Bicyclists and rollerbladers take advantage of the pavers, but it can be loaded with pedestrians, too. This path to the lower half of the barrier island and the resorts beyond.

The beach here also maintains a busy vibe, thanks to all the hotel guests and parking possibilities along the way. Really, this is the place to be if you want to shamble right from the water into a burger joint.

Beach Walk leads past Fifth Street to the Magnuson Hotel and the city parking lot across the street. There are plenty of restaurants and shops along Gulfview Boulevard, but the beach ends at a large jetty at Clearwater Pass.

There are smaller spits of beach behind the businesses along the pass, leading to the causeway. Clearwater Point, on the other side of the bridge, has a semi-private beach behind the stacks of condos there.

Windsurfing is a popular pastime along Clearwater Pass. The Clearwater Community Sailing Center offers rentals and lessons. [Florida Beach Insider photo]



For folks who want to be out on Clearwater Beach but prefer to eschew the more commercial aspects, you’re in luck. There’s usually respite from the crowds and storefronts on Sand Key.

Sand Key is a Pinellas County park on, well, Sand Key, just south of Clearwater Pass. The 95-acre park features undeveloped space to enjoy a picnic or go fishing, and there’s a sizable swath of beachfront to go with it.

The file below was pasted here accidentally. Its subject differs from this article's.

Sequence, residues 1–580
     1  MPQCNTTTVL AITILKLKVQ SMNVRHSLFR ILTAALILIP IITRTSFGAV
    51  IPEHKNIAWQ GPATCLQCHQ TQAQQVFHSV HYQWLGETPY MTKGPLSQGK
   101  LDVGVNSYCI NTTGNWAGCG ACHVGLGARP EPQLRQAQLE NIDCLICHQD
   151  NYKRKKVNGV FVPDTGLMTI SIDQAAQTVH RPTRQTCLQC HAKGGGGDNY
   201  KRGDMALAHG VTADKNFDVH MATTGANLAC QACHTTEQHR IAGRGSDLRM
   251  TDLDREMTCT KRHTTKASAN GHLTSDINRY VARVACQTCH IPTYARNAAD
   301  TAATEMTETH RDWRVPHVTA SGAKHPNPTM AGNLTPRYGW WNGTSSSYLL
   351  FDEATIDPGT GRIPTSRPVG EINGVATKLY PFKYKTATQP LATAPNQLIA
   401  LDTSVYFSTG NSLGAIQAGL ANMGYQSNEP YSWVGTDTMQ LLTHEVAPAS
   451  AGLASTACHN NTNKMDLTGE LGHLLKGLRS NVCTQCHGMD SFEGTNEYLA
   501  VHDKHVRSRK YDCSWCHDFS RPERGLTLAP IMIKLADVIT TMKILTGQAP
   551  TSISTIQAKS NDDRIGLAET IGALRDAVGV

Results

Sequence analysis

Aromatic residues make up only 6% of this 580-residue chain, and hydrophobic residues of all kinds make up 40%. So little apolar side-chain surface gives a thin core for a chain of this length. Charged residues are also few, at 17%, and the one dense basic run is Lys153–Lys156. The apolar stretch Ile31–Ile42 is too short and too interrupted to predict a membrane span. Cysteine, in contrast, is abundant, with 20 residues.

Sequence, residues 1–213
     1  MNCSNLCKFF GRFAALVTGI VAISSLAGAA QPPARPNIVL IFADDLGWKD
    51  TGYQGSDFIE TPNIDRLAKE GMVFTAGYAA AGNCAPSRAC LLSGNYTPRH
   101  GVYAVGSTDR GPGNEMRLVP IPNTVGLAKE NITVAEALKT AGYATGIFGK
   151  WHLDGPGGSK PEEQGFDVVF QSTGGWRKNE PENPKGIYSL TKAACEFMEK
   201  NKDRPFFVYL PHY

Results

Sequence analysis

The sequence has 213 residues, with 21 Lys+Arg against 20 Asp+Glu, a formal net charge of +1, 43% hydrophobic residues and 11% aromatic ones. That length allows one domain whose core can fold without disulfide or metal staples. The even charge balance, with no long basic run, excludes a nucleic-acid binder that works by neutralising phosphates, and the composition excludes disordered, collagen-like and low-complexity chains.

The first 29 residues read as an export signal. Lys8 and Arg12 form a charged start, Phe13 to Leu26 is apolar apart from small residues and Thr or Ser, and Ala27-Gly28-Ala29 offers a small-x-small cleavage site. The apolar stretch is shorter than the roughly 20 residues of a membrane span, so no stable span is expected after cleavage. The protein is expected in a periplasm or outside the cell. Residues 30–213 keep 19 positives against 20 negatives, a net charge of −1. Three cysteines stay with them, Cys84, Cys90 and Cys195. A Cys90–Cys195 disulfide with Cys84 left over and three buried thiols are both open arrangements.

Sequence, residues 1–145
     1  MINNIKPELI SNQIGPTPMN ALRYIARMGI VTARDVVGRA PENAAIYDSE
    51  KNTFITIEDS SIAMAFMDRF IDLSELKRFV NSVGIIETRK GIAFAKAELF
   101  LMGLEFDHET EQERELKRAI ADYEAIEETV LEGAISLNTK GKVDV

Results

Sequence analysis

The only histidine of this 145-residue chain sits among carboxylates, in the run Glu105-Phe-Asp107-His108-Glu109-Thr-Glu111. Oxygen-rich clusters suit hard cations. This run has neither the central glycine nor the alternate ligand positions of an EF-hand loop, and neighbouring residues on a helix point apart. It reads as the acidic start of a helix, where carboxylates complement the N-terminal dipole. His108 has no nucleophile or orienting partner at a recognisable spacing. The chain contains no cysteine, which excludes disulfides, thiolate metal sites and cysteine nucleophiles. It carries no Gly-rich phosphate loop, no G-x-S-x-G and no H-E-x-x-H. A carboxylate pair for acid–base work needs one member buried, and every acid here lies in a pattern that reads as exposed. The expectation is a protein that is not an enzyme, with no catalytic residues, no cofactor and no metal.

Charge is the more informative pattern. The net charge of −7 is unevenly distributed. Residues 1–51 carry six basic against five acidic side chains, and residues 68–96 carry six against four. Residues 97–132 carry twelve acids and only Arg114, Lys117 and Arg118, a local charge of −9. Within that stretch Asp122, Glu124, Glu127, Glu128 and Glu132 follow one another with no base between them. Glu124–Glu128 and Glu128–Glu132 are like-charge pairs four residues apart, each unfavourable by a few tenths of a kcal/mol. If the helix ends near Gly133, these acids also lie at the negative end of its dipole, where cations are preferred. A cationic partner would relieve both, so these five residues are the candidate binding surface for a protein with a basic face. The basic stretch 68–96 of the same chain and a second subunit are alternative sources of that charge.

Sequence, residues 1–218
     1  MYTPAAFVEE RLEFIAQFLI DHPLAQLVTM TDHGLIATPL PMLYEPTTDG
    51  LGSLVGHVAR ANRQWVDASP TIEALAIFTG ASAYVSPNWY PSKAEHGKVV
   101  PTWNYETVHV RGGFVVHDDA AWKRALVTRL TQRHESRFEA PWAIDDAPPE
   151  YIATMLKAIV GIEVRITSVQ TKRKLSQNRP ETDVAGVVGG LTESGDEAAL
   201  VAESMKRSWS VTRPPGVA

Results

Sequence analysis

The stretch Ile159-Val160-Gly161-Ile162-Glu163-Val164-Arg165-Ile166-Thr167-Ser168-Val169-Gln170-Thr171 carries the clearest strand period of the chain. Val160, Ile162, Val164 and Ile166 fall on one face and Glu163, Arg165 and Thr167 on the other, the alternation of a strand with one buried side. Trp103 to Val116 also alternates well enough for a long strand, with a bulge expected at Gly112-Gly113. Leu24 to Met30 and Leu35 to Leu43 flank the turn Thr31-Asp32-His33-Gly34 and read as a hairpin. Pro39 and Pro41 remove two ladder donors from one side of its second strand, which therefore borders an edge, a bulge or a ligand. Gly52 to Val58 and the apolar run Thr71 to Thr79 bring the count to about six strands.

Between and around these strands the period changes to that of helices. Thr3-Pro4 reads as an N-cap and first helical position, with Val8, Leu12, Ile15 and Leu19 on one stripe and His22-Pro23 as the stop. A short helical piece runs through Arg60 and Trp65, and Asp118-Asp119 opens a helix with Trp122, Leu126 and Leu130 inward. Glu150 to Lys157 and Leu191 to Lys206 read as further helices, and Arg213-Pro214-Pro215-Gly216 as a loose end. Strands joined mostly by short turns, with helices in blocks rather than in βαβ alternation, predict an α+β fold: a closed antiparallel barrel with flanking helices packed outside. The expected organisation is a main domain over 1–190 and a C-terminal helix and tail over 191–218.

The sizable parking lot does incur a $5 per day parking fee (annual passes are available), but it’s well worth it if you want some room to stretch out. Even on some busy days, Sand Key Park can seem like a deserted oasis compared to the area around Pier 60. Even so, more than 1 million people visit the park each year.

There is a playground, picnic shelters that can be reserved, restrooms, showers and rentals for umbrellas, cabanas, kayaks and bicycles. There’s a concessions stand that sells the usual bits and bites.

Lifeguards are on duty from March to Labor Day. They’re also the ones in charge of doling out beach wheelchairs (rangers handle it the rest of the time).

It’s interesting to note that the park serves as the base for an artificial reef program, and is home to a recurring sea turtle nesting ground.

Finally, while you can’t bring your dog on the beach, there is a dog run in the park.



Across from the entrance to Sand Key Park is a fairly hidden sliver of beach facing the mainland.

What’s it called? Good question. No one seems to know for sure.

Depending on the map you consult or the person you ask, it’s either Sand Key Bayside Park (as in the island, not the county park) or Abu Seba Beach. Even the people on duty at the Clearwater Community Sailing Center, just inside the entrance, weren’t 100 percent sure what the name was.

It still manages to draw crowds that prefer it over the bustling main beach, though.

Past the sailing center (more on that in the Watersports and Fitness section), the mangrove stand and the paid boat storage, there’s a small, metered parking area with a good amount of frontage. You’re supposed to pay to park here, but during our last visit the pay stations were both out of order.

Paddleboarders, kayakers and Jet Ski types enjoy the easy access to the intracoastal. The Kai Aniani Canoe Club, a serious outrigger canoe paddling club, is based out of this beach. You’ll even see business people catching a waterside lunch out here from time to time.